Using credit cards wisely can be a great thing. Smart credit card use can help you to improve your credit score, which makes future borrowing easier and cheaper. Many cards also offer generous rewards, so you can actually earn free trips or even cash back just for your routine everyday spending.
The key, however, is that cards are a good thing if they are used wisely. Unfortunately, they can also be detrimental to your personal finances if you make mistakes when using them. In particular, there are three big errors to watch out for.
1. Maxing out your credit cards
Maxing out your cards means charging up to the limit that the cardholder set for you. For example, if you have a $5,000 line of credit and you charge $4,999 on your card, you’ve maxed out your cards.
There are a few reasons why maxing out your credit cards could be a big mistake. You could find yourself with a balance that is really difficult to repay, for one thing. But a maxed out card can also do serious damage to your credit score.
In fact, using more than 30% of the credit available to you can actually reduce your score. That’s because credit utilization ratio is one of the most important factors that credit reporting agencies and lenders look at.
Maxing out your card also puts you at risk of over-the-limit fees if you happen to exceed the amount you’re permitted to spend. And you won’t have available credit in case you need it.
To avoid this mistake: Cap the amount you spend on your cards and stay well below that all-important 30% threshold.
2. Paying only the minimum due
Credit card companies set really low minimum payments. They benefit when you pay only the minimum required because your payment will generally just barely cover the interest costs. You’ll end up paying on your balance for years and years, making little progress in paying down your credit card debt — despite diligently sending in a check every single month. Over time, you can end up paying tens of thousands of dollars in unnecessary interest charges.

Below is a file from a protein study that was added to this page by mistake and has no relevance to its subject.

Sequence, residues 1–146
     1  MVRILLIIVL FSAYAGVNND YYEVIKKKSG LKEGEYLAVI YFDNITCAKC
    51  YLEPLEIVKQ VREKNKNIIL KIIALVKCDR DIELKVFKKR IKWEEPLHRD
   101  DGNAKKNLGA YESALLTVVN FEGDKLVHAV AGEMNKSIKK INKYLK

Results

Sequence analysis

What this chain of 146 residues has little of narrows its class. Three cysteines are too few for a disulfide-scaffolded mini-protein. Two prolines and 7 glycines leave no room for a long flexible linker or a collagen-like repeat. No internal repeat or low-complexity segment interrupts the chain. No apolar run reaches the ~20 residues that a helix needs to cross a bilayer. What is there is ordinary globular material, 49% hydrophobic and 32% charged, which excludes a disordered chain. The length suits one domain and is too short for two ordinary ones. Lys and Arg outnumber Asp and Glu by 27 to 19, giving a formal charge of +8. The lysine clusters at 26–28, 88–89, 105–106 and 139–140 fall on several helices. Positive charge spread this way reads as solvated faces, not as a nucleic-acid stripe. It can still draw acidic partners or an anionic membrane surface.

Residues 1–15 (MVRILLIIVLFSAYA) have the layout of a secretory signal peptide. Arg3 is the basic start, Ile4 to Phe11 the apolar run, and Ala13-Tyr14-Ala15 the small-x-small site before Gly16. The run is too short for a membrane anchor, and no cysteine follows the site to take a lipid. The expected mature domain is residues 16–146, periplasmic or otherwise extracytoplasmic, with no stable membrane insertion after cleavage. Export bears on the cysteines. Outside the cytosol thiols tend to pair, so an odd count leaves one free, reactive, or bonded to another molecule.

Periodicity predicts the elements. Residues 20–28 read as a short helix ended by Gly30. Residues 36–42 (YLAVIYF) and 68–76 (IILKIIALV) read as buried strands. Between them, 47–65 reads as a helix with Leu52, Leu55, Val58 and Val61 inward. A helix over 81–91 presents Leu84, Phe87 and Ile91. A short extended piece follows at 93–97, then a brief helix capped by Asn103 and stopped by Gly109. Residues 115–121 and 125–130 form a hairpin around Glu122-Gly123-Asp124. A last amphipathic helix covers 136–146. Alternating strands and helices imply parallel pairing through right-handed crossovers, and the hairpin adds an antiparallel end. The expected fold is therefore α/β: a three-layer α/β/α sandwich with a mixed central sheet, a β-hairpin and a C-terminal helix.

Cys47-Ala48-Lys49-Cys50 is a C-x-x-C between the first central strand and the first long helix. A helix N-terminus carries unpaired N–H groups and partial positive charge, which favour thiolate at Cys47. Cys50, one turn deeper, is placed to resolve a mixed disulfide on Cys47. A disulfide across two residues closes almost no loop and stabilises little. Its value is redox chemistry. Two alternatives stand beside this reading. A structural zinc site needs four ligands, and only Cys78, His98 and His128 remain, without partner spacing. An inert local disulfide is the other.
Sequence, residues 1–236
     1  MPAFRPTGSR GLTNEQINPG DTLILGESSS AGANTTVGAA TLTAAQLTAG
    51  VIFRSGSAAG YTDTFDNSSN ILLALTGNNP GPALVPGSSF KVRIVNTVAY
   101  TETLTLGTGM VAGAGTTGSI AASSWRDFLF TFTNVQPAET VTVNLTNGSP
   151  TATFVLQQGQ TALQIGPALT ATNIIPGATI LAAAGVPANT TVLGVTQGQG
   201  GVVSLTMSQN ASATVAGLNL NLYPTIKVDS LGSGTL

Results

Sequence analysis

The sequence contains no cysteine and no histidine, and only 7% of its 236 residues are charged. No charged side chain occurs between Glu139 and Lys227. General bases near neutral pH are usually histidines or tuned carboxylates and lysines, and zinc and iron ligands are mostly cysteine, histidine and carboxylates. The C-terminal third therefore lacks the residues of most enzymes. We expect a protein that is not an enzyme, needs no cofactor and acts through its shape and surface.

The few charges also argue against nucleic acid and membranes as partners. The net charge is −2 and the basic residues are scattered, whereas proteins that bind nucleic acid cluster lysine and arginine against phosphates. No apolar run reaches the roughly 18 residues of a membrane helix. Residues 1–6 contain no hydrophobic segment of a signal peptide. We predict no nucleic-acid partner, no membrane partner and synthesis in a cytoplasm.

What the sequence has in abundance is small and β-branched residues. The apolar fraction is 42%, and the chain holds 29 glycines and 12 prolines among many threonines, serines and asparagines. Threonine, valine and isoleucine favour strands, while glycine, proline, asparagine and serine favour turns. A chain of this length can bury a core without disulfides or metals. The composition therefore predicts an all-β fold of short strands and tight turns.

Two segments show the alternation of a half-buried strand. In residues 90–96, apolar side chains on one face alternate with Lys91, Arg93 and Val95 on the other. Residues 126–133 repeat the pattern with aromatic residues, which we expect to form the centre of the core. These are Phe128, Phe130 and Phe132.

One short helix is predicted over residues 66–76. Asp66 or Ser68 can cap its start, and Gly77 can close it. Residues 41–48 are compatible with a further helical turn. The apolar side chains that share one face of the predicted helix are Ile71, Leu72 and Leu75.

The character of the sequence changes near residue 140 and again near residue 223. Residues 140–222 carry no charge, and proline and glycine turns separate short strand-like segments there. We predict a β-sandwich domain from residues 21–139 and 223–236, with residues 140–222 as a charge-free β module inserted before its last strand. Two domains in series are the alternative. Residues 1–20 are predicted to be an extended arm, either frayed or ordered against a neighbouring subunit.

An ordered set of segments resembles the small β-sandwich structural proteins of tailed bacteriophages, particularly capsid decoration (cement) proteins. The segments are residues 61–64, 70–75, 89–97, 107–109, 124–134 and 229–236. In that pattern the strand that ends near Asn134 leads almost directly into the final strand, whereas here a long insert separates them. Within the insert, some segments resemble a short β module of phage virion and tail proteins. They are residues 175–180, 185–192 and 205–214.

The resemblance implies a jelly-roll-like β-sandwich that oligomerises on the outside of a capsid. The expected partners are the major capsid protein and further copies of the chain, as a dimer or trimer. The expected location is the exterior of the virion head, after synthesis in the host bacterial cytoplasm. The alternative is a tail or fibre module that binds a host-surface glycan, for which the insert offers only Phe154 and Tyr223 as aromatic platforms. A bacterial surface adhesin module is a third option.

To avoid this mistake: Pay more than the minimum every month. Ideally, the best thing to do is to pay off your entire balance in full when you get your statement so you never end up owing any interest at all. If that’s not possible, send in as much as you can with each payment so you can bring your balance down quickly and avoid getting stuck in a debt trap where your hard-earned cash is sucked away due to interest charges.
3. Missing payments
When you miss making credit card payments you get hit with fees in most cases. But you will also damage your credit score. Once a payment is at least 30 days late, credit card companies will report it to the major credit bureaus. Even one missed payment could reduce your score dramatically and a history of missed payments could make it very difficult and expensive to get any type of loan.
To avoid this mistake: Set up autopay if you can. Or, if you are worried you’ll overdraft your bank account, set a calendar reminder instead to make sure you pay your bill before the deadline.
If you can avoid missed payments, falling into the minimum payment trap, or maxing out your cards, you are well on your way to using credit cards successfully to help improve your financial situation.
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